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 UWA week 37 (2nd semester, week 7) ↓
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7:26pm Sat 17th Sep, ANONYMOUS

Hello, This isn't really a question that focuses on this unit but one that I still want to ask here. Every time I'm involved in a group/partner project for any of my CS units, I realized that all we end doing is work on the entire project individually and end up comparing our approaches at the end and choosing the one that looks "better". Obviously due to this I feel as if the whole process is very inefficient since there is not difference in working in a group and working by one's self when the above approach is taken. So I was wondering if anyone here has any good tips in coordinating with a partner(s) when working on a programming group project. Thanks!


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11:05am Sun 18th Sep, Matthew C.

I didn't partner up for this project, my schedule wasn't suitable, but in the java unit my partner and I had a ~ similar level of knowledge. We both worked individually on our project, but 2 or 3 times each week we had a microsoft teams meeting where one of us shared a screen with both our current code side by side, and we went through each method verbally and explained to each other the reasons we had approached a method differently (in some cases we had basically the same approach, so it was just a matter of deciding who's looked neater/ more readable), in other cases after discussion it was usually clear which of us had come up with the superior solution. We definitely ended up with code superior to what either of us would have produced alone. In essence, I think the important aspects of working in a group are not leaving peer code review until the end, make it a continuous process. (you might be busy, but most people can spare an hour every couple of days with the ease and convenience of the uni's teams platform from wherever you have internet access and comfort). Both people should attempt to solve each part of the problem, if you try to split up the work neither of you will give anywhere near as useful feedback if you hadn't had to think deeply about a problem. I think it is important to work with someone of a similar level of knowledge (and motivation), you will not have a good time if there is a lack of mutual respect of each others ability and effort. And importantly don't have too much of an ego. Even if you are the slightly more experienced and better coder, I guarantee your partner will have done at least something in a better way than you did.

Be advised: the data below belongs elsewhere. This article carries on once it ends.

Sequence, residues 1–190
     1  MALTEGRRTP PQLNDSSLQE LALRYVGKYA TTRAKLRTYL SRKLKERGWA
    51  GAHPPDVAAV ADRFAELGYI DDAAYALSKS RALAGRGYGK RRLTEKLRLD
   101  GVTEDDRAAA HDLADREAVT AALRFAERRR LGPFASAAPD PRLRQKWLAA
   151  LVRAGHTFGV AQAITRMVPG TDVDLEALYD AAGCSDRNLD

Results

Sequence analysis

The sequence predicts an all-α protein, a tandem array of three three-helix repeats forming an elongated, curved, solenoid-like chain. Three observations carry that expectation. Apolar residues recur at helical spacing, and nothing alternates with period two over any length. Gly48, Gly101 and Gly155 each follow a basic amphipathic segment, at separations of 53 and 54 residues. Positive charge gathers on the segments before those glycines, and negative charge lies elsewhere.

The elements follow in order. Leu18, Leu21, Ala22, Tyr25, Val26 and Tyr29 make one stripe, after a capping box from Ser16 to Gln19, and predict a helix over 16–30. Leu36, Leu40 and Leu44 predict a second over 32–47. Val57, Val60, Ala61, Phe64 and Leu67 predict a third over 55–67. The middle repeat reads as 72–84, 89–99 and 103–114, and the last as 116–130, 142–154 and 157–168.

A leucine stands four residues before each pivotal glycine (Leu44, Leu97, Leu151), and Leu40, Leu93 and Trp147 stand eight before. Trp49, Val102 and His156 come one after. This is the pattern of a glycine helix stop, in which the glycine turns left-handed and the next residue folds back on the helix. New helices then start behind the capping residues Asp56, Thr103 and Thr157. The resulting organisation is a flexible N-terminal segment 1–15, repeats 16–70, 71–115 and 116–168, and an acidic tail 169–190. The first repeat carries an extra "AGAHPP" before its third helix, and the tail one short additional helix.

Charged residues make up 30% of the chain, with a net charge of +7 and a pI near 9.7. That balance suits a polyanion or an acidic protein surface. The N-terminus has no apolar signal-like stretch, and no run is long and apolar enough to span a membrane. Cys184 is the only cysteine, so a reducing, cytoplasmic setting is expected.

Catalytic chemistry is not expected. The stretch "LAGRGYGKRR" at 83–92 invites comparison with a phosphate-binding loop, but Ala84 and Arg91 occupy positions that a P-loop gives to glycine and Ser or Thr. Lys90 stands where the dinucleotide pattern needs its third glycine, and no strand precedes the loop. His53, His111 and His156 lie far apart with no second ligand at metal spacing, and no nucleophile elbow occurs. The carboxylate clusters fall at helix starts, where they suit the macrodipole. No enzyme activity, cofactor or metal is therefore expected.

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4:52pm Sun 18th Sep, ANONYMOUS

Thanks for sharing the detailed account. I completely agree with making it a continuous process, and having mutual respect for ability and effort. If they have a better method for existing codebase which is cleaner to implement and read, don't be afraid to scrap some of yours. If they are not familiar with a concept or technology, do take time to teach them. I didn't have a partner for this project either, but had one for a group project in CITS3403 to build a full stack web app, with a database and all. ([Link][CITS3403]) Due to the scope of the project, our approach was much more encapsulated: We discussed at the high-level about what features and functions we needed, and the outputs we required to pass as parameters/arguments. Then we'd part ways and work on each feature independently. After a module was completed, we'd share the Git pull request and briefed the partner on what was achieved. Then it would be fitted into the main codebase like a jigsaw piece. Honestly, sometimes I'd have a faint understanding of their implementation, and I often didn't do more than skim over it for clarification, but it passed me the variables in the correct format to feed into another feature or function. For our encapsulated approach, that's all that mattered. I didn't have to have fine-grain knowledge of everything written. I didn't see or talk to the lad until our final presentation, but discussed our code and progress through Teams chat consistently, as it were a continuous process. We did score in the high 90s and walked away with more confidence, and a full stack project that could be used in our portfolios to boot. I'm not sure whether this approach would be as effective in this unit, nor for a group size larger than two, but hopefully it provides some insight for larger projects.

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